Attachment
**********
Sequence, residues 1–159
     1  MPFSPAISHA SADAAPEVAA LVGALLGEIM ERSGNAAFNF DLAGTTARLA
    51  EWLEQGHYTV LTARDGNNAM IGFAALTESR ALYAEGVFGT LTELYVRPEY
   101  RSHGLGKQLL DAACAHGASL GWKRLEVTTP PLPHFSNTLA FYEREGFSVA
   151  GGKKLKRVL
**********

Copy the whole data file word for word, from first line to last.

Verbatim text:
Sequence, residues 1–159
     1  MPFSPAISHA SADAAPEVAA LVGALLGEIM ERSGNAAFNF DLAGTTARLA
    51  EWLEQGHYTV LTARDGNNAM IGFAALTESR ALYAEGVFGT LTELYVRPEY
   101  RSHGLGKQLL DAACAHGASL GWKRLEVTTP PLPHFSNTLA FYEREGFSVA
   151  GGKKLKRVL